'Smoking Gun' Evidence Dates Some of Earth's Earliest Life to 3.5 Billion Years Ago

Photomicrograph of stromatolites (golden streaks in the image) from Australia's 3.5-billion-year-old Dresser Formation.
Photomicrograph of stromatolites (golden streaks in the image) from Australia's 3.5-billion-year-old Dresser Formation. (Image credit: UNSW Sydney)

Just a billion years after Earth took shape, microbial life was already thriving, scientists say.

Analysis of organic traces preserved in ancient Australian rocks — among Earth's oldest — revealed a "perfect snapshot" of microbial life 3.5 billion years ago, the researchers said in a statement

Though individual microbes are too small to be seen with the naked eye, millions of microorganisms can fossilize together to form larger features embedded in rock, known as stromatolites. Many of these structures are preserved in Western Australia's Dresser Formation. Though some geologists aren't convinced that stromatolites represent ancient life, a new study presents "exceptional evidence" of stromatolites' organic origins, researchers recently reported.

Related: In Images: The Oldest Fossils on Earth

Since their discovery in the 1980s, the Dresser Formation stromatolites have posed a maddening puzzle that scientists have sought to resolve: Did living organisms create the structures? Or was some non-biological hand at work? 

Because the stromatolites have been exposed for billions of years, weathering has taken a heavy toll, erasing chemical information that could link stromatolites to once-living organisms, said lead study author Raphael Baumgartner, a research associate with the School of Biological, Earth and Environmental Sciences at the University of New South Wales (UNSW) in Australia. 

What's more, certain geologic processes can shape mineral structures that closely resemble those left behind by ancient organisms, and even experts may be hard-pressed to tell them apart, Baumgartner told Live Science in an email.

So the scientists dug deep. They drilled dozens of meters below the rocky surface to extract stromatolite samples that were unaffected by weathering, according to the study. In those samples, they found filaments of organic material associated with mats of microbes. The researchers also detected veins of pyrite — a mineral also known as fool's gold — that held tiny particles of organic matter. This typically only happens when organisms decompose and the organic matter gets replaced by pyrite, Baumgartner said.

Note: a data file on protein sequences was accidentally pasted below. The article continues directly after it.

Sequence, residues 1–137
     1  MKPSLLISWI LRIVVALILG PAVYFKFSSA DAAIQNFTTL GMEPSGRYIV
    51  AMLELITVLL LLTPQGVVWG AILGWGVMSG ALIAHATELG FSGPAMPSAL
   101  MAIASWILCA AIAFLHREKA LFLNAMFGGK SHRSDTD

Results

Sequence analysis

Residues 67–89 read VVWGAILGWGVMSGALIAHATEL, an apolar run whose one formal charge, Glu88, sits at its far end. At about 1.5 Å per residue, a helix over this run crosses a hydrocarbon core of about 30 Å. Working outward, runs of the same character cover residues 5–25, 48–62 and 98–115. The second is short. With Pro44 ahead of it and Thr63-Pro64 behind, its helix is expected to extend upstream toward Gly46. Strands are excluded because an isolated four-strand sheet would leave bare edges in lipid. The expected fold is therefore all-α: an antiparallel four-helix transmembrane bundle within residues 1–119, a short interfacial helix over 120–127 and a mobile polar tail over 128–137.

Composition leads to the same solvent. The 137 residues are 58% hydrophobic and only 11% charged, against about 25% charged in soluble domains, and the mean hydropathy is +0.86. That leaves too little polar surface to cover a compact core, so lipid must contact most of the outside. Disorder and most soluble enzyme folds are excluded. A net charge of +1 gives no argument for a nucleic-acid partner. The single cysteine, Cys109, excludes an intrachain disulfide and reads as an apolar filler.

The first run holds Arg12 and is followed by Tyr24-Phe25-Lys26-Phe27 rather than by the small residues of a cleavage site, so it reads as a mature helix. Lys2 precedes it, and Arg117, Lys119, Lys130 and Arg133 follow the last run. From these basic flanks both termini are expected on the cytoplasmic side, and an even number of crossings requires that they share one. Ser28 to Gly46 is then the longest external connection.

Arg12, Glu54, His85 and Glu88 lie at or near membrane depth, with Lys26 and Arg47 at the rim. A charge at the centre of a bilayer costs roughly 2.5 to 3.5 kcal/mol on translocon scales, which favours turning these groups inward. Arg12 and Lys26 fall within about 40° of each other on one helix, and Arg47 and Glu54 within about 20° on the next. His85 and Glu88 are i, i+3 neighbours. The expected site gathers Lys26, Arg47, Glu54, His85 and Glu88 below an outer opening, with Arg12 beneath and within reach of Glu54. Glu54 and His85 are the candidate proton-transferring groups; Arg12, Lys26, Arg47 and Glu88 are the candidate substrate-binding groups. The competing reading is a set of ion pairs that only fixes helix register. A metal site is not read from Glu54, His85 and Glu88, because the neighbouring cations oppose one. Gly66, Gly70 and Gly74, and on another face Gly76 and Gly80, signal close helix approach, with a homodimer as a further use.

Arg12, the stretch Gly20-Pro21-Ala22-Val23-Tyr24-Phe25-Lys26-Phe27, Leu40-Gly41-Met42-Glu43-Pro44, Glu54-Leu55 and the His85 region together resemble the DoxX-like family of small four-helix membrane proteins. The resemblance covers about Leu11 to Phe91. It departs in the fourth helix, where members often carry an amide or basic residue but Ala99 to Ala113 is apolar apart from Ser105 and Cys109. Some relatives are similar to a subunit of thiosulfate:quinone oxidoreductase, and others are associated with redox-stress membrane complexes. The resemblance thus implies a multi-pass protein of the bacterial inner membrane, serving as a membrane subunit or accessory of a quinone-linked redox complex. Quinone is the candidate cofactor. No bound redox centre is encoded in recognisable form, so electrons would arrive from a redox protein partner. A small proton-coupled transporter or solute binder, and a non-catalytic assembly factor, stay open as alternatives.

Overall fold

"This is all backed up by chemical analyses, including organic carbon isotope analysis clearly pointing to biomass," he said.

"High-quality, smoking gun evidence"

What in Earth's primordial soup combined to cook up early microbial life? Graphite traces in a zircon dating to 4.1 billion years ago hint that at least one important component of life — carbon — was already in place within just a few million years after Earth's formation. Another ingredient was probably cyanide, which may have traveled to a young Earth on primitive meteorites, sparking chemical reactions that eventually produced living cells, Live Science previously reported.

While microbes may have begun to appear billions of years ago, animals took somewhat longer to evolve. The oldest evidence of animal life — preserved chemicals from long-vanished soft bodies — dates to between 635 million and 680 million years ago, and is thought to belong to an ancient relative of modern sponges.

As old as the Australian stromatolites may be, other preserved evidence may represent life that's even older, Baumgartner said. In 2017, another team of researchers identified fossilized microbial evidence in Canada that may be between 3.77 billion and 4.29 billion years old. Study co-author and UNSW professor Martin Van Kranendonk is also investigating stromatolites in Greenland that may be 3.7 billion years old — but whether or not they were produced by living organisms "is highly disputed in the literature," according to Baumgartner.

"The problem is that these rocks of Greenland have experienced a lot of transformation and deformation at high temperatures," he explained. Over billions of years, any trace of organic material resembling what was found in the Australian stromatolites has likely been completely destroyed, making it difficult to prove that the Greenland structures were shaped by microbes, he said.

"What is so important about our Dresser Formation stromatolites discoveries is that we have set a benchmark with high-quality smoking gun evidence, in exceptionally preserved samples that have suffered little since they formed," Baumgartner said. 

The findings were published Sept. 25 in the journal Geology.

Originally published on Live Science.

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Mindy Weisberger
Live Science Contributor

Mindy Weisberger is an editor at Scholastic and a former Live Science channel editor and senior writer. She has reported on general science, covering climate change, paleontology, biology, and space. Mindy studied film at Columbia University; prior to Live Science she produced, wrote and directed media for the American Museum of Natural History in New York City. Her videos about dinosaurs, astrophysics, biodiversity and evolution appear in museums and science centers worldwide, earning awards such as the CINE Golden Eagle and the Communicator Award of Excellence. Her writing has also appeared in Scientific American, The Washington Post and How It Works Magazine.